Stammen taking positive approach to injury

Official prognosis on elbow injury to be made following surgery on Sunday

Stammen taking positive approach to injury

WASHINGTON -- When an MRI this week revealed that Craig Stammen had suffered a flexor tear in his right arm, the Nationals reliever didn't turn to self-pity. Instead, he accepted the challenge presented by a potentially season-ending injury.

"My initial reaction was probably like, 'Bring it on,'" said Stammen, who is scheduled to undergo surgery on Sunday in Washington. "There's just no point in having a bad attitude about it. If you have a bad attitude, you can't get anything from it. So I'm going to choose to take the good approach and stay positive and try to overcome it."

Stammen said he first developed discomfort while warming up on Sunday in Philadelphia, before pitching a scoreless inning. He then felt well enough to make himself available on Tuesday, but the pain worsened during a two-batter appearance that day in Boston.

While the flexor muscle near Stammen's elbow is partially torn and must be repaired, tests revealed no ligament damage. Still, it's quite possible Stammen's 2015 season is finished, though that won't be determined until the surgery.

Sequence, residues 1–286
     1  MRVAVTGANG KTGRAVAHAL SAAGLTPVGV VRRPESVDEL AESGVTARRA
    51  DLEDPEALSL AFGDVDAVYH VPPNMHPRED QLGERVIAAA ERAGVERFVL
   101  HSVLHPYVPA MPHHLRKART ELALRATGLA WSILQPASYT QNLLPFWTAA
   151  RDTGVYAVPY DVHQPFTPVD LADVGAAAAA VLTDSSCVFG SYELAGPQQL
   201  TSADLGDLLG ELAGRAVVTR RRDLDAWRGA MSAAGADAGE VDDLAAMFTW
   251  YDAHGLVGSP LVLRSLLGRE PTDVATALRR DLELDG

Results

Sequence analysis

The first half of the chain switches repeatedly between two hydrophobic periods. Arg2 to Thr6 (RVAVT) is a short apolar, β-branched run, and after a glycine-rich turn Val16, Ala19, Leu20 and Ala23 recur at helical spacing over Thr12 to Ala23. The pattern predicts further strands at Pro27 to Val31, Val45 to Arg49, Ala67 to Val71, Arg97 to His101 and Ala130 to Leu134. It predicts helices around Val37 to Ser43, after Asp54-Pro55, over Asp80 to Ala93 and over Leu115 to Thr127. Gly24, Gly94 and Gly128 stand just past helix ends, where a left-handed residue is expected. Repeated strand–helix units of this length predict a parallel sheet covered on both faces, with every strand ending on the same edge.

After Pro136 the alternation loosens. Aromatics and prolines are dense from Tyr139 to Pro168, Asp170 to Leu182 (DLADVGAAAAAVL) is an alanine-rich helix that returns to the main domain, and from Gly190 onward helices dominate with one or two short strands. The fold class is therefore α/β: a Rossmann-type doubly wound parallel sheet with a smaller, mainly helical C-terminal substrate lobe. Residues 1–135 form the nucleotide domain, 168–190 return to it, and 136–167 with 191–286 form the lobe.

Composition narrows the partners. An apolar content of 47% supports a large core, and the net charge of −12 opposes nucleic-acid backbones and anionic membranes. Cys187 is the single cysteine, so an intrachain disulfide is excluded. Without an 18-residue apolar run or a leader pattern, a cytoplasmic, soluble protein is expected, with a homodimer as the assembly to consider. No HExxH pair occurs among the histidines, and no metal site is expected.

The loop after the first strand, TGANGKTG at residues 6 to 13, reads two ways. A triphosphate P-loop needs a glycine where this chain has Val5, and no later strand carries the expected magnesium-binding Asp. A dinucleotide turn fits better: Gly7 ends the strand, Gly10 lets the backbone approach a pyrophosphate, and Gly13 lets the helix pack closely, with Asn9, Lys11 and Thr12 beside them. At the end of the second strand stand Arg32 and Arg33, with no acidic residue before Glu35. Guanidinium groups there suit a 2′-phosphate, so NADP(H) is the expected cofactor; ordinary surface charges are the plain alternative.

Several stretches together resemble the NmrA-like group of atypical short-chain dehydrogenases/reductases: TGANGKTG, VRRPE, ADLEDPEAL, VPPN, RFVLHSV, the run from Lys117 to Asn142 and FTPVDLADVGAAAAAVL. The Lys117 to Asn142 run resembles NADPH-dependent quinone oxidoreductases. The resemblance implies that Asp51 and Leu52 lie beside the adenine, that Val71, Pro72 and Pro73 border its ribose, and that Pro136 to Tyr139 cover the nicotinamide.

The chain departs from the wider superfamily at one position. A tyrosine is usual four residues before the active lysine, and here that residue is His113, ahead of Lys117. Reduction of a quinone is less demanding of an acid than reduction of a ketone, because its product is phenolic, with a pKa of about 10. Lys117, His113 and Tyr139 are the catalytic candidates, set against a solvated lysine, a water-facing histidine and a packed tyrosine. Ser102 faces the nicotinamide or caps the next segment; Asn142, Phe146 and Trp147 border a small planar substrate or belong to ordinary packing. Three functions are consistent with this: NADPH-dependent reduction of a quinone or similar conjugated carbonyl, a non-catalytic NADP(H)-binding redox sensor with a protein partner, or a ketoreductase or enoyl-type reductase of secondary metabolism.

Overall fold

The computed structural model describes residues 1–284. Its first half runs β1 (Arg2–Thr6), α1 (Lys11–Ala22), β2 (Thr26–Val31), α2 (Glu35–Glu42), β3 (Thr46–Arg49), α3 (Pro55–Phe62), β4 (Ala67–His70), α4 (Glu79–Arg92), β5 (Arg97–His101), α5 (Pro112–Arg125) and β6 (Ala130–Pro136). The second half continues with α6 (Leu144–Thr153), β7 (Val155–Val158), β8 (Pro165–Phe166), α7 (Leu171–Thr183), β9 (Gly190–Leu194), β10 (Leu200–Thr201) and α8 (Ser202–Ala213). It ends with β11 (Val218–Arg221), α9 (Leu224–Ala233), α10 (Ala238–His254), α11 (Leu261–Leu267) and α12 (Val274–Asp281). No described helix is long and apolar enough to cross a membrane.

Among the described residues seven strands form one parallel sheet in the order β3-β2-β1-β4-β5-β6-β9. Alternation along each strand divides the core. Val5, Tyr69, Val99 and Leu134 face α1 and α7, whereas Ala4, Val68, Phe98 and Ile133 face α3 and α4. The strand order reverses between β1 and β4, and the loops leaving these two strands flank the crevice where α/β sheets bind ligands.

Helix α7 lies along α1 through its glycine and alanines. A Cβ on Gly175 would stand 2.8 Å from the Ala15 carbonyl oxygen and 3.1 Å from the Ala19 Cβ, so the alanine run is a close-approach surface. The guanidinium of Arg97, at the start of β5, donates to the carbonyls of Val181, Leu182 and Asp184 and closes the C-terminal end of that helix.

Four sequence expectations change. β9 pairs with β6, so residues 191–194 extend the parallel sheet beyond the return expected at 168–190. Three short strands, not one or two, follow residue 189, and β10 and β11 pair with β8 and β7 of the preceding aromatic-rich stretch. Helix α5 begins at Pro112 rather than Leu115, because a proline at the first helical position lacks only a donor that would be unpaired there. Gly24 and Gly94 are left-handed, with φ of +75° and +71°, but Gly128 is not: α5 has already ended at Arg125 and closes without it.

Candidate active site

"It kind of depends when they go in there what they see and what they find," he said. "So, we'll see. I'm praying for something that's good. But you never know -- it could be the rest of the year, it could be more than that."

The injury ends a long run of durability for Stammen, who is on the disabled list for the first time. His only other significant injury came in his rookie year, 2009, when bone spurs in his elbow kept him out of action in September, though expanded rosters made the DL unnecessary.

"This will definitely test my patience," Stammen said. "I'll miss the game, for sure, and find out why I really am playing this game."

The 31-year-old became a full-time member of the Washington bullpen in 2012. Since then, he leads the Majors with 246 2/3 relief innings, posting a 2.88 ERA in the process.

Throughout Stammen's baseball life, he always had been able to throw a lot without getting sore. But as manager Matt Williams said, pitching is "not a natural motion." For most pitchers, injuries strike eventually, and Stammen is no longer an exception.

"I think being a pitcher, you kind of go in knowing if you pitch long enough -- and I'm 31 years old -- sooner or later something's probably going to happen," Stammen said. "It's probably something you'll have to deal with at some point. A lot of people have overcome injuries, and I'm going to be at the top of that list."

Andrew Simon is a reporter for MLB.com. Follow him on Twitter @AndrewSimonMLB. This story was not subject to the approval of Major League Baseball or its clubs.